JAKARTA - In an effort to bolster the economy, President Joko Widodo on Thursday (Jan 9) said that the performance of Indonesian envoys overseas must be measured by the amount of exports sent to the countries assigned to them.
Mr Joko, popularly called Jokowi at home, stressed that ambassadors needed to map out export opportunities, gather market intelligence and identify problems that must be promptly reported to Jakarta to be followed up and addressed quickly by local bureaucrats.
In a speech at a forum attended by Indonesian envoys, senior diplomats and Foreign Minister Retno Marsudi, Mr Joko said: "I hereby ask the Foreign Minister to formulate a clear and measured KPI (key performance indicators) on the ambassadors' performance so we know who is performing, who is not and therefore know who needs to be replaced."
"We won't progress if we apply a business-as-usual approach," he added.
Mr Joko also said it was time for Indonesia to look at other regions as export markets instead of just concentrating on its traditional partners such as the US, the European Union and China.
He singled out countries in Africa, South Asia, Central Asia and Eastern Europe.
"There are many Indonesian products today whose quality exceeds that from China and it is the task of the ambassadors to help promote them," Mr Joko told the gathering.
He said the ambassadors should allocate up to two-thirds or 70 to 80 per cent of their energy and efforts on economic diplomacy and the remainder to promote peace and sovereignty.
Indonesia has registered annual economic growth of around 5 per cent in the past 15 years, and annual inflation has been brought down consistently to below 4 per cent in the past five years, from above 8 per cent in 2013 and 2014.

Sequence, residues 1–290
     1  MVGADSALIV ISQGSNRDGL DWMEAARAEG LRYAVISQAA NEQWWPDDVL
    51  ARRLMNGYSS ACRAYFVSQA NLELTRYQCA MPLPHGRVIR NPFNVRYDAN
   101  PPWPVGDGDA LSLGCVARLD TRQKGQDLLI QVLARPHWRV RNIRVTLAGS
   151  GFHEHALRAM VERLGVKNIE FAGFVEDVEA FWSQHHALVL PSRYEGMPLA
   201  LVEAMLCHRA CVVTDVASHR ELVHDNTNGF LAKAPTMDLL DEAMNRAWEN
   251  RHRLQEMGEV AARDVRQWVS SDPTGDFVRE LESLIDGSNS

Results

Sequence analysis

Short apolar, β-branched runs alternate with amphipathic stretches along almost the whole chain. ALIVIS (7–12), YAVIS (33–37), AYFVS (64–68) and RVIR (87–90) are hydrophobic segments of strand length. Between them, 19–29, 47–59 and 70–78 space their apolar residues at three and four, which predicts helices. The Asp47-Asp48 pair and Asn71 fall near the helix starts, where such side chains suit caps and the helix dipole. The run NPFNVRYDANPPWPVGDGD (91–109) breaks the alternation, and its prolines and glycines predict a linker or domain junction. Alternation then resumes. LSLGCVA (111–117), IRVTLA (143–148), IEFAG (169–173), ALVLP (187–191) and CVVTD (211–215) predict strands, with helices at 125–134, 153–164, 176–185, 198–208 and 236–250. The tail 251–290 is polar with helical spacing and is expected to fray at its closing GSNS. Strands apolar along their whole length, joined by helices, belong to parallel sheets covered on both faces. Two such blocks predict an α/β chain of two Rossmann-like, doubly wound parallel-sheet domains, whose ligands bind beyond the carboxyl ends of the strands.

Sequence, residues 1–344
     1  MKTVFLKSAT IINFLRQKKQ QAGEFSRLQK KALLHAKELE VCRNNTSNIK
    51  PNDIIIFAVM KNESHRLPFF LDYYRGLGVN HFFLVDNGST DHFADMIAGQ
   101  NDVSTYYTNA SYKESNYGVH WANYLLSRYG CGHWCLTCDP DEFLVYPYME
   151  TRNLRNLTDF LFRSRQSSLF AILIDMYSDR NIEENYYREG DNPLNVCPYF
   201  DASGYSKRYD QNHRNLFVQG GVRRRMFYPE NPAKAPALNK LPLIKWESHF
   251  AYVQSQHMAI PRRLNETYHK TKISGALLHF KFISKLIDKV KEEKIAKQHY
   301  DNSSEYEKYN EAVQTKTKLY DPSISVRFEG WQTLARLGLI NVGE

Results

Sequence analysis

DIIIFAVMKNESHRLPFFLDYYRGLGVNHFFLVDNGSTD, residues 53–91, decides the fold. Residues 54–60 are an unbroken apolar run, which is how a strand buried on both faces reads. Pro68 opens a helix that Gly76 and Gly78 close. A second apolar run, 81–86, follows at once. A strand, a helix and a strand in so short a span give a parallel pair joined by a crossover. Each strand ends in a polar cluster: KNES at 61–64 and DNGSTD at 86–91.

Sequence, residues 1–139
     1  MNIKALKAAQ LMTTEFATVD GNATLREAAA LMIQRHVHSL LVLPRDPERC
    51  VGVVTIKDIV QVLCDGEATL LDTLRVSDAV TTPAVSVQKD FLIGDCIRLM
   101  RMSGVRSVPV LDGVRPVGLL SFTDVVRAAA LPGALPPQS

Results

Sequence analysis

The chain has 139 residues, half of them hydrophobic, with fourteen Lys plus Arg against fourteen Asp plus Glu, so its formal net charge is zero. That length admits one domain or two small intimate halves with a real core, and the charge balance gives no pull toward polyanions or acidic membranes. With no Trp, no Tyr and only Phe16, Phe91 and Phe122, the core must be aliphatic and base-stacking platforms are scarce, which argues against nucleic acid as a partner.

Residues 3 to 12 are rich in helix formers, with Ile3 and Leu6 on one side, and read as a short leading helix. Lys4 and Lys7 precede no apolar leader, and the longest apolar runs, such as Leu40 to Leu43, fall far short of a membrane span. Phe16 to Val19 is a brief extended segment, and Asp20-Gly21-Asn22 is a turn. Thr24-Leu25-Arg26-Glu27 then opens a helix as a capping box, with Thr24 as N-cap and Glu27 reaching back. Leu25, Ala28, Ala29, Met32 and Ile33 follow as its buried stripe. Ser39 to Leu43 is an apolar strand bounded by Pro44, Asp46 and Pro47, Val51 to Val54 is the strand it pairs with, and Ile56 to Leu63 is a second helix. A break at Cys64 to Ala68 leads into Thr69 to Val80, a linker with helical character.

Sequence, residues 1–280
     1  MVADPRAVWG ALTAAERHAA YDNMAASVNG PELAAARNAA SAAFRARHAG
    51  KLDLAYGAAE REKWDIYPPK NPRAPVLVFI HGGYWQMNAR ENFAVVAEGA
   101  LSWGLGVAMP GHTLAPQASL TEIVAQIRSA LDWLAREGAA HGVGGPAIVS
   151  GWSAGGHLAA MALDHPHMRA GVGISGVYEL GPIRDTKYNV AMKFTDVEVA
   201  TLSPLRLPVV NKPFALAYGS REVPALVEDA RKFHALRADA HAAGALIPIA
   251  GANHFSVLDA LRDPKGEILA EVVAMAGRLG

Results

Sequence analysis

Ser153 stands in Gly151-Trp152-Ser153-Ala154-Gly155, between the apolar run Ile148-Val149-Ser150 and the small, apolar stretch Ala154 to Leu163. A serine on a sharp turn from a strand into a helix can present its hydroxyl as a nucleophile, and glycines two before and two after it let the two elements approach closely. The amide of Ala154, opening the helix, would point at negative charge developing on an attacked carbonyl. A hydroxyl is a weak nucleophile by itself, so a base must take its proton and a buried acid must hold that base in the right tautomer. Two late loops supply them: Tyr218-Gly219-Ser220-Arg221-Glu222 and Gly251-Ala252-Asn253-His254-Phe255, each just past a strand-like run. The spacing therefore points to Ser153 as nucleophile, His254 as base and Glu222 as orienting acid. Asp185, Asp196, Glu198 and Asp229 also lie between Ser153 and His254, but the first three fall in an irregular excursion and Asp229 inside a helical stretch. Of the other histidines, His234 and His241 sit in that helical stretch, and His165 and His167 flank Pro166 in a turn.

Indonesian diplomats must be able to trumpet these two main achievements that highlight the country's economic stability, other than just its current political stability, Mr Joko said.
Easing red tape and boosting foreign investment and exports are the top priorities for Mr Joko, who was re-elected for a second and final five-year term in April 2019. Indonesia has been trying to tackle a widening current account deficit amid a global economic slowdown. The deficit reached US$31.1 billion (S$42 billion) in 2018.
During a meeting last September with his ministers, Mr Joko noted that manufacturing plants were moving out of China to circumvent tariffs imposed by the US on Chinese goods amid a trade war between the two countries. None of the plants were re-located in Indonesia.
Instead, they went to Vietnam, Malaysia and Thailand because of their less bureaucratic regime and more favourable regulations, the President noted.
Citing a World Bank report, Mr Joko said that between June and August 2019, 33 Chinese companies announced plans to set up or expand their facilities abroad; 23 said they were going to Vietnam and the rest to Malaysia, Thailand, India, Cambodia, Mexico and Serbia.
He then ordered his ministers to identify burdensome regulations, pledging that his administration would streamline the rules as the country needed to prepare for the possibility of a deteriorating global economy.